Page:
Town Meeting has wealth of expertise
By ARTHUR S. KEENE
Friday January 5, 2018, Amherst Bulletin, Letter to the Editor
I have been a member of Town Meeting for roughly 20 of my 36 years living in Amherst. One of the things that I have most enjoyed and admired about Town Meeting is the wealth of expertise in the room.
There is the obvious boundless professional expertise. We have medical professionals and legal professionals and educators, and tradespeople and engineers and scientists and architects and food workers and artists and small-business people and social service providers and real estate agents and landlords and renters and stay-at-home parents and firefighters.
There is also a wealth of life experiences. The room is filled with so many folks whose life experiences have been so different from mine, and I am never surprised by how much they can teach me. I always appreciate how much I learn when I listen to my fellow Town Meeting members.
Do we get the occasional silly question? Sure. Do some people talk more than they need to? Of course. But for me, that’s a small price to pay for the incredible wealth of insight that people bring to the room.
I love living in Amherst because it is a thinking community. Our ability to draw on this collective expertise and intelligence, schooled and unschooled, has made us a stronger and better community, and I mourn the contempt that the charter supporters have shown for their fellow citizens who disagree with them or who bring a contrary analysis to the select board on a minority of occasions.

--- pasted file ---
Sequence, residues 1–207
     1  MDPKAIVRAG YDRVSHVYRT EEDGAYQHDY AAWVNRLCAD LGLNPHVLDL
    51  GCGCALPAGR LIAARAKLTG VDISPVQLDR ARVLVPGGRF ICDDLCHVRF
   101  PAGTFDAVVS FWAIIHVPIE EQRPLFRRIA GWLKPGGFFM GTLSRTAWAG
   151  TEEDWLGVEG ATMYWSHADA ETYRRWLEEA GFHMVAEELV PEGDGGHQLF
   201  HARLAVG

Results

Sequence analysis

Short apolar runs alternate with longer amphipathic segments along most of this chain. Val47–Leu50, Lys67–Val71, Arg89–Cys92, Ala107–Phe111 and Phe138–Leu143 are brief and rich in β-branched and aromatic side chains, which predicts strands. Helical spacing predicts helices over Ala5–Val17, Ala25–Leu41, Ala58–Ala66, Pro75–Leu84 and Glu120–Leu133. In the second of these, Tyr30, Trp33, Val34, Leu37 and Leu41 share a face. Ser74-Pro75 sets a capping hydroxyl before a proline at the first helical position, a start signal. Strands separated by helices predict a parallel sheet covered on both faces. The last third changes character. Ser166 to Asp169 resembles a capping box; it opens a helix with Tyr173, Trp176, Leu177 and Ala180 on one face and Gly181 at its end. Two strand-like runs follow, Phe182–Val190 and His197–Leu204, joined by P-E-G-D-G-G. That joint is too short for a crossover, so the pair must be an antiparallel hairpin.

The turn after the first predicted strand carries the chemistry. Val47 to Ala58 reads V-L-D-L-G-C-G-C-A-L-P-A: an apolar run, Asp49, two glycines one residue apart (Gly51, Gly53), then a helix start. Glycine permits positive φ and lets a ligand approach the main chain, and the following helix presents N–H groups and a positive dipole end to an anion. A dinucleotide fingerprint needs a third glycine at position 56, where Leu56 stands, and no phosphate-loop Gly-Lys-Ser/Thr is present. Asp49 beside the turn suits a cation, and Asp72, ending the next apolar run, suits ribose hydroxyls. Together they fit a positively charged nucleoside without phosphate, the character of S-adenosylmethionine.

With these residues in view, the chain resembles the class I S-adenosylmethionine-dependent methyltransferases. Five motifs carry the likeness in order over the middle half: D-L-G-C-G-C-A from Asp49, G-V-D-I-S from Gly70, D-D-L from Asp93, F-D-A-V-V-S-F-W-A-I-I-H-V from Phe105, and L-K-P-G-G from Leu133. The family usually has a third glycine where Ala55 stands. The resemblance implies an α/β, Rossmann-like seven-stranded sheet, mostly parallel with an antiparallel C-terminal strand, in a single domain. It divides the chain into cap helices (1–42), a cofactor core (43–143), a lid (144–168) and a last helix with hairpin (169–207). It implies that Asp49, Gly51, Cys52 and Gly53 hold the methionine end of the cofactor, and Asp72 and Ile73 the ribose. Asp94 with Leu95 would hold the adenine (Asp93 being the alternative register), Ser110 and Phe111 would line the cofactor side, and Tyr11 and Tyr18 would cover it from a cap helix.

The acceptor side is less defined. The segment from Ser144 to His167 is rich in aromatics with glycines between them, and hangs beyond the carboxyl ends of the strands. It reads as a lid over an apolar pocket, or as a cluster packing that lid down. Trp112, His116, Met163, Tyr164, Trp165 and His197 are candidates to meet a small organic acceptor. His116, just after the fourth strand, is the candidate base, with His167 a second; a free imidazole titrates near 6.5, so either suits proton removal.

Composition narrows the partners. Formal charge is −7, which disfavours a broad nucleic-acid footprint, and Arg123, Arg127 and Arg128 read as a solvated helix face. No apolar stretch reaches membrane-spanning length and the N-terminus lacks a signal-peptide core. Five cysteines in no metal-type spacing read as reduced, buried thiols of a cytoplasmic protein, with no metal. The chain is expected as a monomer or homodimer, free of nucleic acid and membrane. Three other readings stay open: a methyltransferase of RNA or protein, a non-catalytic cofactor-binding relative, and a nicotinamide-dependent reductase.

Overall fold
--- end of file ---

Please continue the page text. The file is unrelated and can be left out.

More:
It is tragic that the charter proponents have so much contempt for deliberative democracy that they disparage their fellow citizens, even — as was the case in the net-zero energy article — when the professional expertise that was brought to bear dwarfed their own. This contempt reveals a strong anti-democratic affinity in the Amherst for All campaign.
With the wealth of experience, expertise, intelligence, curiosity, clarity, and integrity available in Amherst, you need to engage in some pretty specious verbal gymnastics to make a case that 13 elected part-time officials will invariably know more than the community at large.
Arthur S. Keene is an emeritus professor of anthropology at the University of Massachusetts Amherst.